Kenya’s former prime minister Raila Odinga will on January 15 formally roll out his campaign for the August 9 General Election in Thika town, President Uhuru Kenyatta’s backyard.
The choice of President Uhuru Kenyatta’s hometown for the campaign launch, is symbolic, with the president keen on rallying his supporters behind Mr Odinga’s Azimio La Umoja coalition following their March 2018 Handshake deal.
President Kenyatta has signalled his impending endorsement of the former prime minister’s candidacy at a number of public meetings and some of the president’s key allies were recently named on Mr Odinga’s campaign team.
On Thursday, he hosted friendly members of the National Assembly and the Senate to a State House luncheon, to thank them for passing amendments to the political parties law, which seeks to remove legal barriers to the participation of the Azimio coalition in this year’s election.
He also used the event to lobby Senators to approve the Political Parties (Amendment) Bill before it can be enacted into law.
The passage of the Bill in the National Assembly was delayed by a filibuster by MPs affiliated to Deputy President William Ruto’s breakaway United Democratic Alliance (UDA) party, who see it as part of a scheme by President Kenyatta to manage his succession.
The formal launch of Mr Odinga’s campaign this weekend is likely to raise the political temperatures a notch, capping a busy week during which anti-hate and the prosecution agencies moved to clamp down on political hate speech at public rallies across the country.
Two Senators and an MP have in recent days been arrested, arraigned or summoned for questioning over incitement or use of ethnic slurs at public rallies.
The senators spoke at a campaign rally addressed by Dr Ruto, considered a front runner together with Raila in the race to succeed President Kenyatta, in his hometown of Eldoret on January 8.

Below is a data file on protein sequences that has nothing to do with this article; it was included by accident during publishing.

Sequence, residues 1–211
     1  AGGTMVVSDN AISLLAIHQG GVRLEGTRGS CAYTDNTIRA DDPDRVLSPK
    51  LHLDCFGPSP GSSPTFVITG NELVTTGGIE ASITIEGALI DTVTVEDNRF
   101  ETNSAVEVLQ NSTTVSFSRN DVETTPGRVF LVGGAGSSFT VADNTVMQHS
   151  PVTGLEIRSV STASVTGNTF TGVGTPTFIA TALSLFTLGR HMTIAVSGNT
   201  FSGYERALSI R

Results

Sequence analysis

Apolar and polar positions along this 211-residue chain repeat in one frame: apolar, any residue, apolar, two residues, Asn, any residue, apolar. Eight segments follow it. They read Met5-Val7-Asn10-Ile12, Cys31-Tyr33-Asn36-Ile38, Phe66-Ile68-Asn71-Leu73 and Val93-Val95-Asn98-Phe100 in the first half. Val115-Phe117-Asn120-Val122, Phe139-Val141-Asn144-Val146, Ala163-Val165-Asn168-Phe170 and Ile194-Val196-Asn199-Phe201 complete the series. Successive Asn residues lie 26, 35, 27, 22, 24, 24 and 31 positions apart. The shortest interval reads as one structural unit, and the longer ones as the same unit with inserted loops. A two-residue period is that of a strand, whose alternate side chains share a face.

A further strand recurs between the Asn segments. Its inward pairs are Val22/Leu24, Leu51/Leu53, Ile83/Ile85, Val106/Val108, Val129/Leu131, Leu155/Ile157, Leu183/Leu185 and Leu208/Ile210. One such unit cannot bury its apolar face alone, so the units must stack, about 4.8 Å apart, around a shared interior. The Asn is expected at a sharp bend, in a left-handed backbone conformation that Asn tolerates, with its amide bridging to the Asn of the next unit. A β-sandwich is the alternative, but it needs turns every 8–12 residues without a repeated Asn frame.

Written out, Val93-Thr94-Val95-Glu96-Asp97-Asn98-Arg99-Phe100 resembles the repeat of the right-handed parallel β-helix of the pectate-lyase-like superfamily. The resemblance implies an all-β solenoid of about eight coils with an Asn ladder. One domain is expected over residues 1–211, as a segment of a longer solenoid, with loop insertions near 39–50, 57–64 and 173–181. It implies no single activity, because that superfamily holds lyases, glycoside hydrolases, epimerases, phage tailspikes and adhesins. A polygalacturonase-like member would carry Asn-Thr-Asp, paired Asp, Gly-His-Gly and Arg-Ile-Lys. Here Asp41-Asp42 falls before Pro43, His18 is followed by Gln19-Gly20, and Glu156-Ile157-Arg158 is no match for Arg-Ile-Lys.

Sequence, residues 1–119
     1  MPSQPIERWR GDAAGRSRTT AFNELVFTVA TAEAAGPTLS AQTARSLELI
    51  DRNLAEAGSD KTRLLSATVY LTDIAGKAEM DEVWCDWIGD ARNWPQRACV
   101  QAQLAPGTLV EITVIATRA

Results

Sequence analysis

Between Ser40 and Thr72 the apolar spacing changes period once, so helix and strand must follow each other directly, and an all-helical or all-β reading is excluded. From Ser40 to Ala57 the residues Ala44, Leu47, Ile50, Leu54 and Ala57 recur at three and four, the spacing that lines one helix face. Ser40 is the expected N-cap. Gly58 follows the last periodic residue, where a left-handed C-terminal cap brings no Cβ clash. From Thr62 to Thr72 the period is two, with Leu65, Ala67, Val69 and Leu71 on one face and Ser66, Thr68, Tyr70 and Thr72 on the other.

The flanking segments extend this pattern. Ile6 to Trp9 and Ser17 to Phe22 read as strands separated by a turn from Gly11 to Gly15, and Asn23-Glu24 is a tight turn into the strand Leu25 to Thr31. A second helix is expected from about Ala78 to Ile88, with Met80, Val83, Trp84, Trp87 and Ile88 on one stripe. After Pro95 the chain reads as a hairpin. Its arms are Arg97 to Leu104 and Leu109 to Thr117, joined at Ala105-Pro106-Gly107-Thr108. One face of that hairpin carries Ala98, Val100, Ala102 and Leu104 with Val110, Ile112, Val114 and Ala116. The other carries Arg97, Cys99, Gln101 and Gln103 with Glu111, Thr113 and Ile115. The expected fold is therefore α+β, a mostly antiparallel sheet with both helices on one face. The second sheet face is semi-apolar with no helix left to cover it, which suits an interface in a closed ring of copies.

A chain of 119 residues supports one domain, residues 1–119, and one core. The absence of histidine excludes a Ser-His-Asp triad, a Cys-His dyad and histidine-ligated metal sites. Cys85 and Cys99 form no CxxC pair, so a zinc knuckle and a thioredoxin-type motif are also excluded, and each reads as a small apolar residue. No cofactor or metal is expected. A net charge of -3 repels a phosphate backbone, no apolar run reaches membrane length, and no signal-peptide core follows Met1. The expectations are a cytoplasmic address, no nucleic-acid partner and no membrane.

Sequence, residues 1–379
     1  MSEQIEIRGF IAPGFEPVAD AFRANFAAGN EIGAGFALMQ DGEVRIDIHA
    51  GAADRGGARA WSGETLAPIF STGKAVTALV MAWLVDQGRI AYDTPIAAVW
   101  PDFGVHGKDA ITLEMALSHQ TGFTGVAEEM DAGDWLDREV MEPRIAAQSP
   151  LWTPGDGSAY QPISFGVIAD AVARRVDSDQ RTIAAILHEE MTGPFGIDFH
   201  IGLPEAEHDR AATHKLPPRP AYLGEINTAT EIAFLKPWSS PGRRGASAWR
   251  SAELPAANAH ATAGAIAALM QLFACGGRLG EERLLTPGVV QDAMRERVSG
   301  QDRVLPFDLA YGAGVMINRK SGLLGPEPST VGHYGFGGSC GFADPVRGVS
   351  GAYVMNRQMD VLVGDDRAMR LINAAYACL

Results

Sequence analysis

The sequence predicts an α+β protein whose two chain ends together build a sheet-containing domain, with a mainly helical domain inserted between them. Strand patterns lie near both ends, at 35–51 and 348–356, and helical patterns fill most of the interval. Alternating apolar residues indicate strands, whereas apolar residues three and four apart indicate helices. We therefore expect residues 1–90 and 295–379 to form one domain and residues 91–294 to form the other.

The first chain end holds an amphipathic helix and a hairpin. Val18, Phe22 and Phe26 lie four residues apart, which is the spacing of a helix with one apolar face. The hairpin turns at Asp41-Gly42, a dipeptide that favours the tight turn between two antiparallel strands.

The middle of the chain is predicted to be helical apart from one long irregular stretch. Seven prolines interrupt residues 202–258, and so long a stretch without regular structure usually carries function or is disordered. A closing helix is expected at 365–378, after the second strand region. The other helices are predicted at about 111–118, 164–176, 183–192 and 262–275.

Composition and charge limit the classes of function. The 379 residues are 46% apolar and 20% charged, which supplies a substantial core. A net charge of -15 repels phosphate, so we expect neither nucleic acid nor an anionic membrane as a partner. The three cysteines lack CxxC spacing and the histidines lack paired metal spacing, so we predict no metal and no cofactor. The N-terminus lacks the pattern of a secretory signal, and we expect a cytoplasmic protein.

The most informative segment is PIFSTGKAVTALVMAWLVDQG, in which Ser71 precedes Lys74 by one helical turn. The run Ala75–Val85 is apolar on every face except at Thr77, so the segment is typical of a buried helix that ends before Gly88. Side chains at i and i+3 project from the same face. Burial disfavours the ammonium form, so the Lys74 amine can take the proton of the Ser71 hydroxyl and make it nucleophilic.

The Eldoret rally was one of three public meetings Dr Ruto addressed during his campaign tour of Uasin Gishu, Bomet and Kericho – three counties in the Rift Valley region considered his political strongholds.
But the Deputy President’s homecoming rallies meant to re-energise his base ahead of mass voter enrolment beginning January 17 have been marred by media reports of use of politically offensive words, blamed for fanning the 2007/08 post-election violence especially in the Rift Valley, by Meru Senator Mithika Linturi in Eldoret.
The use of the term madoadoa (Swahili for blemishes, and used in hateful political talk to mean strangers among us) on political platforms in Kenya often evokes sensitivities about past politically-instigated violence in the Rift Valley, targeting ethnic communities deemed ‘outsiders’.
The Waki Commission, which investigated the country’s worst election-related violence of 2007 and 2008, found the term was widely used for ethnic profiling of victims of the attacks that killed about 1,300 people and displaced more than 600,000.
Dr Ruto, who was one of the six Kenyans charged with crimes against humanity at the International Criminal Court before their cases collapsed, has since apologised publicly over Mr Linturi’s remarks.
But that has done little to deflect barbs thrown his way by Mr Odinga, who has seized on the hate speech probe of the Deputy President’s allies to try to portray his opponent as violent and polarising.
This Saturday, the former prime minister’s rally in Thika will come under scrutiny as well, as he seeks to gain a foothold in a region where the National Cohesion and Integration Commission in the past warned about the rise of class-based hate speech.